Orlando Flights Help Allegiant Boost Revenue

The Sunshine State has been very good for Las Vegas-based Allegiant Travel Co., according to its latest earnings statement.

Revenue for the airline was up 41 percent in the first quarter to $84.3 million and operating income rose nearly 93 percent to $14.3 million, due in large part to better-than-expected results from new and existing routes in Florida, company officials said Wednesday.

They said increases from flights to Orlando outpaced growth in traffic to Las Vegas and new service to Tampa/St. Petersburg helped to propel the airline's earnings

"What was really impressive was the year-over-year improvement in Orlando," said Ponder Harrison, managing director of marketing and sales for Allegiant, which trades on the Nasdaq National Market under the symbol ALGT.

Allegiant specializes in routes from small cities to major resort destinations, such as Las Vegas and Orlando. It sticks to markets with little competition and adds value by packaging low-price tickets with hotel deals in the vacation destination.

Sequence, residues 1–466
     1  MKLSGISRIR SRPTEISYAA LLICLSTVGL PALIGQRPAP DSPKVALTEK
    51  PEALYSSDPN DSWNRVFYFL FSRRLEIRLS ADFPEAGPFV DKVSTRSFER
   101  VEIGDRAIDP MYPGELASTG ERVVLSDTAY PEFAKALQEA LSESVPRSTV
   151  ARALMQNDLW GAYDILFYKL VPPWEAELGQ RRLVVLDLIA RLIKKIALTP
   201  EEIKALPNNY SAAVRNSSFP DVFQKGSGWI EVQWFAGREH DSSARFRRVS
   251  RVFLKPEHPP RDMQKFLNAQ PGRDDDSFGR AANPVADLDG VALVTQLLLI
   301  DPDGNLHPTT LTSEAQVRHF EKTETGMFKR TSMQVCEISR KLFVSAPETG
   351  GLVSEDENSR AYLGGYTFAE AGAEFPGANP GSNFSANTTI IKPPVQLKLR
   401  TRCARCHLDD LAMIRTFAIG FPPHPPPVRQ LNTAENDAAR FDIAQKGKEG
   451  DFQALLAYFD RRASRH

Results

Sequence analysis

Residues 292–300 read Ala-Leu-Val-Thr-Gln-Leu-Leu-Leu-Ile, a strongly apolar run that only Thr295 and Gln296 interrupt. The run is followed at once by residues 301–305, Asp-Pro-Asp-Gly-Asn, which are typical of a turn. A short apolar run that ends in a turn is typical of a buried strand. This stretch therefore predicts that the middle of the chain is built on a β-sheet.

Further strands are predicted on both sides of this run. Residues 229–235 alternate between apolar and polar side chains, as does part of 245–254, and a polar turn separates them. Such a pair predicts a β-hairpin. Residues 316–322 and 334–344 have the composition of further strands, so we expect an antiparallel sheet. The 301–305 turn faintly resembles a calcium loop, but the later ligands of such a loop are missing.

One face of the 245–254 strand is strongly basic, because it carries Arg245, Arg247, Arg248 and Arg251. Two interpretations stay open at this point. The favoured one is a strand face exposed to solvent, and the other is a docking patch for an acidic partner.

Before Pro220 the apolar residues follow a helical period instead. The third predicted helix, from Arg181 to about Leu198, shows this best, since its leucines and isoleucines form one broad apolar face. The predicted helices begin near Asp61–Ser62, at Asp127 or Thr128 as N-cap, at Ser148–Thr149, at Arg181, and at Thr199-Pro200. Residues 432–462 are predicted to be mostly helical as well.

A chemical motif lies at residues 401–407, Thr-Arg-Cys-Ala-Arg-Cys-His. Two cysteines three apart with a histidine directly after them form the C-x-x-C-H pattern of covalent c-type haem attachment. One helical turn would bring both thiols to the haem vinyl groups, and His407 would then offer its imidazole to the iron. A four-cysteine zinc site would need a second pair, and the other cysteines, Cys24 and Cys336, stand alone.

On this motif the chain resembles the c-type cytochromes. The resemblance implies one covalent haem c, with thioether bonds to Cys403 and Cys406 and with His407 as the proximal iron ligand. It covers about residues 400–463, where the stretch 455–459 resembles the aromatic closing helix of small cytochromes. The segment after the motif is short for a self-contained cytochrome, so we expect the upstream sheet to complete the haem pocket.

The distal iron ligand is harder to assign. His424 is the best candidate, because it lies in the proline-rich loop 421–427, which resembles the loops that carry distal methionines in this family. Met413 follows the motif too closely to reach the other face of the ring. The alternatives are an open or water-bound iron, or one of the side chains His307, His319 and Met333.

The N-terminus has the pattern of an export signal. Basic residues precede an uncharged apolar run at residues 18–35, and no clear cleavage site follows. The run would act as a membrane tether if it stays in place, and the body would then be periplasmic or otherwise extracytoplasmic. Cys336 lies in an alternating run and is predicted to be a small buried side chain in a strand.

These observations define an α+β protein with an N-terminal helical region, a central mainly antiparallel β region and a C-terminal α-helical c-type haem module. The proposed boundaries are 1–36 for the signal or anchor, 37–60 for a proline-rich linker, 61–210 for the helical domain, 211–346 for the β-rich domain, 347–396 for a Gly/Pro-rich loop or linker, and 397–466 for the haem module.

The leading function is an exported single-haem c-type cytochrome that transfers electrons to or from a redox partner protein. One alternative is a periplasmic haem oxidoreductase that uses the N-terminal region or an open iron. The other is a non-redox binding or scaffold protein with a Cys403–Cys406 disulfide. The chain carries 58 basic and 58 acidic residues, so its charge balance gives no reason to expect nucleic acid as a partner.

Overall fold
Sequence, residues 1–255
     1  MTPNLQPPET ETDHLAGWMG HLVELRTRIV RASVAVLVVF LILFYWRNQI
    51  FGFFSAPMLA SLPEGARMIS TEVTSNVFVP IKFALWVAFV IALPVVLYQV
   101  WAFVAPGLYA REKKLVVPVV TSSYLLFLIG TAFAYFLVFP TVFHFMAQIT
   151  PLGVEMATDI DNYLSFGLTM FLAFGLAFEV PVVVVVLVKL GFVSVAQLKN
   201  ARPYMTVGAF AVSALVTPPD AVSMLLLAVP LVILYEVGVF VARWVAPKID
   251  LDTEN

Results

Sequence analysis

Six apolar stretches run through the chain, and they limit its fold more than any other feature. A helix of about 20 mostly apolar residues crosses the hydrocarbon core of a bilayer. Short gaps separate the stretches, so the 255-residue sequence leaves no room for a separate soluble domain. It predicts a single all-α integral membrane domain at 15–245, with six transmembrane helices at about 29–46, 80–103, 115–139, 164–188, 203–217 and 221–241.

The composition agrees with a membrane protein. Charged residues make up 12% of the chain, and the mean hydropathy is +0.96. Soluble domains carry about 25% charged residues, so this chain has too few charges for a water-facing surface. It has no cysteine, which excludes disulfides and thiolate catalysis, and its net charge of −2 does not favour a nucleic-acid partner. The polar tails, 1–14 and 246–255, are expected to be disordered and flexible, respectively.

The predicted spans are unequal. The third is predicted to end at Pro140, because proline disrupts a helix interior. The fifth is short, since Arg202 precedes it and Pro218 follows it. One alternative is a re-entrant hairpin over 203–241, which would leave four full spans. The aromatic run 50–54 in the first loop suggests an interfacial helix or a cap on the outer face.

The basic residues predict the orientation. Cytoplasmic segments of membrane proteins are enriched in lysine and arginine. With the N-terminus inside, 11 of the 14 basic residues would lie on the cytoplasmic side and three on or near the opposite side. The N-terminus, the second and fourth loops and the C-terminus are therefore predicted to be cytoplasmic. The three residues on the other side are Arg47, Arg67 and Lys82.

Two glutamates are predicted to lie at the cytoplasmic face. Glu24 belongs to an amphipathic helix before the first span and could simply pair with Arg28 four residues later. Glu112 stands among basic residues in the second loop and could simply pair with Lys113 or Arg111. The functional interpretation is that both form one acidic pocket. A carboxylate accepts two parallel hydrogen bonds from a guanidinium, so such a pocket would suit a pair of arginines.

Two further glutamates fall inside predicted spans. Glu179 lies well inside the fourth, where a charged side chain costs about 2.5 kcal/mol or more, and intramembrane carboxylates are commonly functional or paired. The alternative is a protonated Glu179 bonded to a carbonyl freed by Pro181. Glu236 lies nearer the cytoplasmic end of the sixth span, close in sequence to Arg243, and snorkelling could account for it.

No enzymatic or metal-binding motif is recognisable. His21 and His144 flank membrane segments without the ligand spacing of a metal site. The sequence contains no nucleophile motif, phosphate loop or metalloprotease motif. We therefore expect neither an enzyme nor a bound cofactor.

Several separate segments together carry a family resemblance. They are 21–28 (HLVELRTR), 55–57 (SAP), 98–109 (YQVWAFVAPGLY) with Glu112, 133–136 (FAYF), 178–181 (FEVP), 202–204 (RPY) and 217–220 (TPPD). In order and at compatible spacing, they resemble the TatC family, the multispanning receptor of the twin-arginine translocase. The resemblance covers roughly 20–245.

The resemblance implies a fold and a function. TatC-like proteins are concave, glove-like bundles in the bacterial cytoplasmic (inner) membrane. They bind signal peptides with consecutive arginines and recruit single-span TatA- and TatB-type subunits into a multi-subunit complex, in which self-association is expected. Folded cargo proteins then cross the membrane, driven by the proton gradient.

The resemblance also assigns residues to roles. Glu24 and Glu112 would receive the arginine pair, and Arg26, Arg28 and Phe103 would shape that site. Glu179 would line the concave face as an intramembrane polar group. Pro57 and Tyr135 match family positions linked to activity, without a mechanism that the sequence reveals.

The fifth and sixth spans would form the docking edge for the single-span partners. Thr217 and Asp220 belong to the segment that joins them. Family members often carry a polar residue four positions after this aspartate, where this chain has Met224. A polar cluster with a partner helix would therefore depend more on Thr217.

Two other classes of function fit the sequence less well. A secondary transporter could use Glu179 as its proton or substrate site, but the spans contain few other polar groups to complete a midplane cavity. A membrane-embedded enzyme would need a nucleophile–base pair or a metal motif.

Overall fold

Since March 31, 2006 Allegiant added 19 routes to Florida and seven to Las Vegas. Allegiant also plans to increase its fleet of MD-80 jets to from 26 to 30 by the end of the year at a cost of between $5 million and $6 million per plane, said Andrew Levy, Allegiant's managing director of planning.

Company officials indicated the strong demand for routes to Florida gives Allegiant the power to increase passenger fares.

Allegiant posted a 52 percent increase in per-passenger ancillary revenue to $18.98.

To that end the airline will begin offering travel insurance and use special software to make more precise decisions about pricing for things like seats with more legroom.

"We may be pricing some products today too high and possibly too low," Harrison said.

Diluted earnings per share were up 17 percent to 48 cents for the quarter and the company's market capitalization was up 3 percent to $232 million.

Allegiant shares closed at $34.70 on Wednesday, down 19 cents, or 0.54 percent.



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